Yob - Live in Philadelphia (Cover Artwork)
Staff Pick


Live in Philadelphia (2018)

live show

There are few stoner metal frontmen like Mike Scheidt. Looking somewhat like the cross of a yoga instructor and nomad, Scheidt took the stage of Philadelphia’s Underground Arts on June 30, 2018, and paid little notice to the audience. Then, in true stoner meta fashion, the band launched into “Ablaze,” the first track off their new, critically acclaimed album Our Raw Heat.

Yes, “Ablaze” is rooted in impossibly low rumbling. Yes, “Ablaze” is an epic of a song that stretches out ten minutes and lives more as a hypnotic drone than a multi-part movement. Yes, Scheidt howled out in extended passages, building his soaring voice over the throbbing sound below.

But, whereas most doom metal types stay anchored to their position, scowling like they’re at a funeral, Scheidt seemed positively uplifted by the music. During “Ablaze’s” rising passages, he rocked forward out into the audience, flashing a Cheshire cat smile, his eyes pinned open with excitement. Doom metal, when considered to be a spiritual or moving experience, is often thought of as a solitary activity or meditation. Throughout the concert, Scheidt who can riff with the riffiest of them and can rumble with the rumble-est of them, countered that argument that doo/stoner metal is a collective activity.

Paradoxically, this was none more apparent than on “The Screen,” perhaps the new album’s simplest track and probably its best. Live, the song’s trance quality was increased with Aaron Riesberg’s three-note bass clomp made more prominent and perhaps even slowed down. Meanwhile, drummer Travis Foster pulled the doom metal-only trick of both playing with a laggard, but pensive beat that seemed to be in a constant state of bucking forward. Despite the track’s crushing and dour, Scheidt seemed to overcome with joy, and at times, seemed to want to climb into the audience and interact with others while the sonic tapestry did its cosmic connecting. Several times throughout the night, he seemed to lose control of his own appendages, stretching his hands out to the audience, jolting his arms upward as if to clasp hands with some astral force, and even, at other times, leaving the fretboard and flashing an ever changing array of hand gestures that seemed to spontaneously leap from his fingers. That is to say, the dude was connected to the music and through that, he was connected to the audience.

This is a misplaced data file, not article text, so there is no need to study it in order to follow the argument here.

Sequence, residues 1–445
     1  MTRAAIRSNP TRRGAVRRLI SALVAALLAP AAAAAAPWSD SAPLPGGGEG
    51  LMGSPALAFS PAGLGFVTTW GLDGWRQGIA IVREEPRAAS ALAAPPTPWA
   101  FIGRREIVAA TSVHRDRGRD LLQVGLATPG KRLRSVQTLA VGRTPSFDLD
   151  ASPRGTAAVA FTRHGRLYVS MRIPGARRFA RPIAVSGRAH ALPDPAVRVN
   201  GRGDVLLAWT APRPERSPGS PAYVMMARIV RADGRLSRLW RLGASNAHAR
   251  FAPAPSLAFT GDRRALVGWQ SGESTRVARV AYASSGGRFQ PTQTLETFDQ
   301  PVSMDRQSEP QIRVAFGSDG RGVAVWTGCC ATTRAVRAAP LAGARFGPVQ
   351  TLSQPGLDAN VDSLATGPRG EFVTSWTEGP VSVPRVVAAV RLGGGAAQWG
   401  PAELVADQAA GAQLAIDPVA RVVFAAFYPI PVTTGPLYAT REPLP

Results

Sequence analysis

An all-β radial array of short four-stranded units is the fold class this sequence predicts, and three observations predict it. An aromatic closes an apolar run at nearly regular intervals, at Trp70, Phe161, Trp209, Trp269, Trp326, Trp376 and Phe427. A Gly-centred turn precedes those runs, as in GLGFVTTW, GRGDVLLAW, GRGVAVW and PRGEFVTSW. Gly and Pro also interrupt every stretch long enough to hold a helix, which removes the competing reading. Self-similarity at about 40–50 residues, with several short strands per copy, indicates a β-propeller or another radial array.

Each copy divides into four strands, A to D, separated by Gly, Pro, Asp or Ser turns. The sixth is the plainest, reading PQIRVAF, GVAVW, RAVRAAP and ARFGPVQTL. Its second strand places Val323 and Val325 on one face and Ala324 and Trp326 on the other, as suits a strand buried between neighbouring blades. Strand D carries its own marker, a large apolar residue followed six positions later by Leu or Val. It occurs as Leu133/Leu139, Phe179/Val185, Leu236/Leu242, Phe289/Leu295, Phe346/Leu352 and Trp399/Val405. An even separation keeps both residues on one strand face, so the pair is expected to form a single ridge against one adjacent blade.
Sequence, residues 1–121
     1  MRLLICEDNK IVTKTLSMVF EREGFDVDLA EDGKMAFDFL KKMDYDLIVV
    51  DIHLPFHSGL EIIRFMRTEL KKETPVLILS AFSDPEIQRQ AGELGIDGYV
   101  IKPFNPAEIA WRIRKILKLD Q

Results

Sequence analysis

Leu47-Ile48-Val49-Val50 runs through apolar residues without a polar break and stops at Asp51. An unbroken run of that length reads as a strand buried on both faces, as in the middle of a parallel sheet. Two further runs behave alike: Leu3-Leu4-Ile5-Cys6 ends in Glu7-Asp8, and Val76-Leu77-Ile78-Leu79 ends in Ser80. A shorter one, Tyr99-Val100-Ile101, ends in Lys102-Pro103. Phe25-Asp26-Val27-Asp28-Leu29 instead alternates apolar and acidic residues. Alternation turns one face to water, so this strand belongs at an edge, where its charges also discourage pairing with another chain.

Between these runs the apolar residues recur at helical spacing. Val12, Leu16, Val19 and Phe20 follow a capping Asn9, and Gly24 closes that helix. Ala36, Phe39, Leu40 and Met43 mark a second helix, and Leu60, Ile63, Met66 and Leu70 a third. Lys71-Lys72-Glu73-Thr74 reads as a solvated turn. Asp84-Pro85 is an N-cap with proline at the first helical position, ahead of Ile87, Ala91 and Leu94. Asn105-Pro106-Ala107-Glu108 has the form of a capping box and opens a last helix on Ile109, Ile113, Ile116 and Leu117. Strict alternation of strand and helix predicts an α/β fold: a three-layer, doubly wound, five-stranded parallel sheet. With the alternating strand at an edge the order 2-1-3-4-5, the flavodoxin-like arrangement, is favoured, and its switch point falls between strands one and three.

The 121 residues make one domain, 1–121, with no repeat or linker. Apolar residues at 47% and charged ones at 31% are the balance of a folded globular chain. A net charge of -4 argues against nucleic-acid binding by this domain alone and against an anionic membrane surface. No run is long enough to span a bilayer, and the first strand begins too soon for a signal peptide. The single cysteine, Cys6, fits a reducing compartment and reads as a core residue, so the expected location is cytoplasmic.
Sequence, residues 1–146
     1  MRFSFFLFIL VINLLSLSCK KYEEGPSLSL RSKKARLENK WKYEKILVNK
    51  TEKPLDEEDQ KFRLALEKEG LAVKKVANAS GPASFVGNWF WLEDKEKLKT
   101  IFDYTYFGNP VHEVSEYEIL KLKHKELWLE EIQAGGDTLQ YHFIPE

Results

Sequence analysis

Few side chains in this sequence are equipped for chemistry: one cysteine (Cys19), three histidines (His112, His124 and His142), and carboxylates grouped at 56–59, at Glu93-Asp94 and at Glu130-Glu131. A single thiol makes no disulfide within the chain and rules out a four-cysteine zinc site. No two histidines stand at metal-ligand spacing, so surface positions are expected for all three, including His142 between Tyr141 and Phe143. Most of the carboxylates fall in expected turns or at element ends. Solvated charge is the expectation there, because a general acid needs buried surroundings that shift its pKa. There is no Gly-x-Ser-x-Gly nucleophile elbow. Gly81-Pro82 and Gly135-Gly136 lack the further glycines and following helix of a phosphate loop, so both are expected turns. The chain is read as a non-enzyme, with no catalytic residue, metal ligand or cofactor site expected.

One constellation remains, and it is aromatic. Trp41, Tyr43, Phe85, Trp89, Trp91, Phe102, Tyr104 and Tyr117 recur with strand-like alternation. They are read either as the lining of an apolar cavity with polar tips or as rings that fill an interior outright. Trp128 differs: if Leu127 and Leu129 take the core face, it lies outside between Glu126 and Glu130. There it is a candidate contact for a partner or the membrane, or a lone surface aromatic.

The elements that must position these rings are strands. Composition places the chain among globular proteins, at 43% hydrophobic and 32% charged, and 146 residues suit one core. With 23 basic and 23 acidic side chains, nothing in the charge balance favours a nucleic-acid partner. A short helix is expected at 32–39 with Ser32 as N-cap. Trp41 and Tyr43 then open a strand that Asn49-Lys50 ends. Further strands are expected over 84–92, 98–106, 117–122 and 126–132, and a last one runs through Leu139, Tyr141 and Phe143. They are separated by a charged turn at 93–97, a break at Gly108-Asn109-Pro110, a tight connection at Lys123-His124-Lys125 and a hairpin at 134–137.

Perhaps the band’s most daring trick was how optimistic the whole gig felt. Instead of reveling in the gleeful nihilism of cosmic devastation ala Dopethrone, or embracing the somber inner-searching of Sleep, Yob made it a point to both have fun and be aware of one another. This was none more apparent than on the band’s extended rendition of the title track, which had its dynamics amplified live. Opening with a quiet, almost classical guitar wandering, the tune slowly (of course) built into a massive trudger that made it a point to focus on the more welcoming, gravelly aspect of Scheidt’s voice, as opposed to his alternate, ogre-growl style. As the tune climbed its massive staircase, several audience members raised their hands in the air and closed their eyes, not dissimilar to the audience poses found in Christian rock videos. Many doom metal bands focus on the cyclical nature of existence and how a continuum will always bend back around again- and Yob is no exception. Still, few bands seem to be able to prove this hypothesis in a live setting. Finding the connection between the massive blackness of thee mightee riff and audience upliftment is no easy task, but Yob found the connection in Philly.